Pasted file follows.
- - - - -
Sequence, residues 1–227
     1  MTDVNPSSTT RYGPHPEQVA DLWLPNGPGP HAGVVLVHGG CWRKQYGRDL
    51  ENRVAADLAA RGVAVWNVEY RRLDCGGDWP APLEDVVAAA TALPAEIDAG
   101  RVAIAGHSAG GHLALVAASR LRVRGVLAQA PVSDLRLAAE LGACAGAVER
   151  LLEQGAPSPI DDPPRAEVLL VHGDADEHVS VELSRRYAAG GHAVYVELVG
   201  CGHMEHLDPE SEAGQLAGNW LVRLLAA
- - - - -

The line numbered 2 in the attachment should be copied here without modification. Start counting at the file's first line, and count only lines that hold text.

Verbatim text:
     1  MTDVNPSSTT RYGPHPEQVA DLWLPNGPGP HAGVVLVHGG CWRKQYGRDL